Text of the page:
Before I started my journey into the world of medicine, I had altruistic ambitions of saving the lives of children. I had envisioned valiantly fought battles against disease and disability, with eventual return to health and a normal childhood. In the recesses of my mind, I knew reality dictated the eventual decline in the health of some children. But it was a vague and shadowy figure lurking just outside the boundaries of actualized truth.
It was not until I crossed the threshold into physicianhood that the rough and jagged contours of this figure of truth came sharply into focus. I would not win every battle. There would be some children who, despite great efforts and fervent prayers, would still succumb to disease and death. I had not anticipated this. And I had not anticipated the impact these children and their families would have on my life.
While I suppose influence and impact can be born of intimate conversation or grandiose actions, it has been the subtle, quiet existence and unspoken struggle of my small mentors that have touched me the deepest. I cannot tell you what his favorite color was. I don’t know what she dreamed of becoming when she was an adult. I will never know their greatest accomplishments or how they imagined they would change the world. The words we exchanged would not fill a page. And if asked, I doubt they could tell you my name. But those details do not matter. The things that speak to you the loudest do not always come from a conversation of familiarity.
What touches me instead are the manners not forgotten despite discomfort and pain. A quiet, “please don’t push too hard, it hurts when you do.” A morning routine of a high five, a fist bump, and a wink, because words refuse to escape the lips imprisoned by tumor. A small smile when I say “hello.” A child whose greatest fear is not his own fragility, but rather the fate of his family as the finality of his diagnosis is revealed. The naked, piercing words of, “I love you, but I am ready to die.” These are the things I tuck away, to be brought out and examined in the stillness of being alone.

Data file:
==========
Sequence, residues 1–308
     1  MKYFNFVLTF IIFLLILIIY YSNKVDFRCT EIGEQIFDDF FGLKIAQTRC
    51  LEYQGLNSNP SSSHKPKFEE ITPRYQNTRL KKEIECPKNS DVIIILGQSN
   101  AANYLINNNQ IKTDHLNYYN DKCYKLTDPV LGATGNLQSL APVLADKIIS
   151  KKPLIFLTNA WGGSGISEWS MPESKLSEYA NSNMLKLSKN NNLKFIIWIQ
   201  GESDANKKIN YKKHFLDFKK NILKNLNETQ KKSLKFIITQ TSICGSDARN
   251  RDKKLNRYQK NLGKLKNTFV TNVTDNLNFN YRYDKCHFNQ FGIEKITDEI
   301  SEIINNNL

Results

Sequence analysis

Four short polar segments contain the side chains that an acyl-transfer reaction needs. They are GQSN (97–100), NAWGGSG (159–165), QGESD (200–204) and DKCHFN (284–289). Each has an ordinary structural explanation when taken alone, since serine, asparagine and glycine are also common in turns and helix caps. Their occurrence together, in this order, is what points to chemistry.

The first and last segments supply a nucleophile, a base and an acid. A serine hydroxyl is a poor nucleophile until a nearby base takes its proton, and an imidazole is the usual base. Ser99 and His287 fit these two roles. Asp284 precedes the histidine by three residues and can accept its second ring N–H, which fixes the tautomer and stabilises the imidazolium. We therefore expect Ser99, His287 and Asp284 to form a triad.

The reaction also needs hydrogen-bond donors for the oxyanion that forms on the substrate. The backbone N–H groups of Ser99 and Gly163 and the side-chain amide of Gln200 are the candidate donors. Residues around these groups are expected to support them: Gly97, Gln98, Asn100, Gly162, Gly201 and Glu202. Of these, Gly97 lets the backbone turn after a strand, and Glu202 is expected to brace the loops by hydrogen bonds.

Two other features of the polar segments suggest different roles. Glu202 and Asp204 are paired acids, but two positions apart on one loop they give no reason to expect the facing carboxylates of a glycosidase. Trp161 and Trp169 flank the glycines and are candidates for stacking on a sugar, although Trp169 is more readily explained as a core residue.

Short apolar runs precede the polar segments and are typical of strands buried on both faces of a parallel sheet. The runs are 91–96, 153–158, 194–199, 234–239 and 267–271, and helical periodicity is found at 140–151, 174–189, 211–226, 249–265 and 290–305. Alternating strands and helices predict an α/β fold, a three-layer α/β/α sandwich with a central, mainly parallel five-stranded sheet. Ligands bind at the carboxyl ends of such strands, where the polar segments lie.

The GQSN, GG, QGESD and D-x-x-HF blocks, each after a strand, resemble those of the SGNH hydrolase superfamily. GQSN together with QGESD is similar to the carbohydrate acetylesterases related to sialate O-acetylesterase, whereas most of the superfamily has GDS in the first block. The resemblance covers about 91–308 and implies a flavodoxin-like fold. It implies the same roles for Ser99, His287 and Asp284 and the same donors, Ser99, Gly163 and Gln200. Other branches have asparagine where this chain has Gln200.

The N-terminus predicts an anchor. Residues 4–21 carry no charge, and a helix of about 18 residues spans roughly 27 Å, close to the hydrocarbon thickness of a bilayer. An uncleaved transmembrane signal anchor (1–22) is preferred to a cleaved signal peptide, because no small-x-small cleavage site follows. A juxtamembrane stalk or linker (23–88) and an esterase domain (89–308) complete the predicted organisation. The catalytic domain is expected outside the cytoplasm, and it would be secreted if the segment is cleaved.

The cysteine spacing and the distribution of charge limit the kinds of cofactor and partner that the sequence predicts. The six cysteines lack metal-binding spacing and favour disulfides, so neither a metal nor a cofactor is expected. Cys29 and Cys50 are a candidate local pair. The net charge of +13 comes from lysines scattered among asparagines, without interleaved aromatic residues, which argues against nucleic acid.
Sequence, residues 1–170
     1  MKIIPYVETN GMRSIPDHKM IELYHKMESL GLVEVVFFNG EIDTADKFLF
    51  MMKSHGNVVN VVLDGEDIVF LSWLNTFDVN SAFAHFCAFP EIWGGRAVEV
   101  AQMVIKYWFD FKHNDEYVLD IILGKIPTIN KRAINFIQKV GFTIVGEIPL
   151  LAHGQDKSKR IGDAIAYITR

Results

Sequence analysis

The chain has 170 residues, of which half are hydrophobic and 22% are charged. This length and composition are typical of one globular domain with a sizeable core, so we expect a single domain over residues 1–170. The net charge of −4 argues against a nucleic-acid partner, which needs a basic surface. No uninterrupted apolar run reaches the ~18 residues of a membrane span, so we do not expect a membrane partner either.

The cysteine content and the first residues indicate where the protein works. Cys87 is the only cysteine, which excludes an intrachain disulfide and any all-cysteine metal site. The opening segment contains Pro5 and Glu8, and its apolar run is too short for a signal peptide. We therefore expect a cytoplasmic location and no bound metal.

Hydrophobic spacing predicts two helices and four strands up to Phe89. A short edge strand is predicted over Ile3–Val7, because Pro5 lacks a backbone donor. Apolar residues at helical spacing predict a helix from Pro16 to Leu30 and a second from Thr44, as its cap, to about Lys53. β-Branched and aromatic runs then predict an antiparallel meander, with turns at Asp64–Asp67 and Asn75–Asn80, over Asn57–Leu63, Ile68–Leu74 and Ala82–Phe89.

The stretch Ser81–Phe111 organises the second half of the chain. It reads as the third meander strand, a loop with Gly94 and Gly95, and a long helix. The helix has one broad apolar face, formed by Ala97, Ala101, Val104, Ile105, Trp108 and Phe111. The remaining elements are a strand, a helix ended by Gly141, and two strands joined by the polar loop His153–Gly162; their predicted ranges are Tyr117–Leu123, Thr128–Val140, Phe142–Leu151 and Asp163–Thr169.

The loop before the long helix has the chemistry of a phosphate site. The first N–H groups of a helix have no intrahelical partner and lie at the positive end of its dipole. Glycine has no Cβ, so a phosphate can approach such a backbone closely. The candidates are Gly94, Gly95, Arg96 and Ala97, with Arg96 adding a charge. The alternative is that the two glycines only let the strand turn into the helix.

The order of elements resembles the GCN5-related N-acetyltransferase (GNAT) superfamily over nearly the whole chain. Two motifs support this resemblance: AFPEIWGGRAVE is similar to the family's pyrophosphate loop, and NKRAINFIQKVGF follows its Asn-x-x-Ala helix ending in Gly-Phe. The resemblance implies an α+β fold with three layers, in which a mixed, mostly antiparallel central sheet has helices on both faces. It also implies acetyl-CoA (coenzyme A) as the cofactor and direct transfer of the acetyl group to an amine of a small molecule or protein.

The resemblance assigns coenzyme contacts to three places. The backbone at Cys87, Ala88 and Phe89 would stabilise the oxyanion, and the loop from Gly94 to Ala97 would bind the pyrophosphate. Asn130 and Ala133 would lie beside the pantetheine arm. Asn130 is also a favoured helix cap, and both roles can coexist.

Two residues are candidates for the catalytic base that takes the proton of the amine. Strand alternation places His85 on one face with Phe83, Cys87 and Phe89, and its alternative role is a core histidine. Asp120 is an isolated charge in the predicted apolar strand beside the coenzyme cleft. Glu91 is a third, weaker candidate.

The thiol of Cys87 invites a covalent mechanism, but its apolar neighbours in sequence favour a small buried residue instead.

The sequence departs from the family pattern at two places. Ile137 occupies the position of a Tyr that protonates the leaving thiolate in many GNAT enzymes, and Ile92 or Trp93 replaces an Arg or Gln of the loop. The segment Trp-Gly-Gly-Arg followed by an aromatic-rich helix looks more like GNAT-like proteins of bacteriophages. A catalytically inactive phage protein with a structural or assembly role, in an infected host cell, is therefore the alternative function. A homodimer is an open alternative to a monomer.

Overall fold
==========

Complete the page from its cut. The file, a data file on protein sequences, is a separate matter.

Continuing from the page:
In my reflection, I begin to wonder, what kind of a parent would I be if I knew my child would not celebrate their next birthday? Would I perseverate on unimportant details, leaving my child to fight a losing battle alone? Would I have the ability to grieve graciously, focusing on celebrating the life that remains rather than exerting my energy feigning off the inevitable? Would I make a positive impact on the lives of the medical team caring for my child? I hope I never have to find out. But it’s a humbling practice to examine my character.
I used to think that I would be the one changing lives in the doctor patient relationship. I was wrong. I am the one being changed.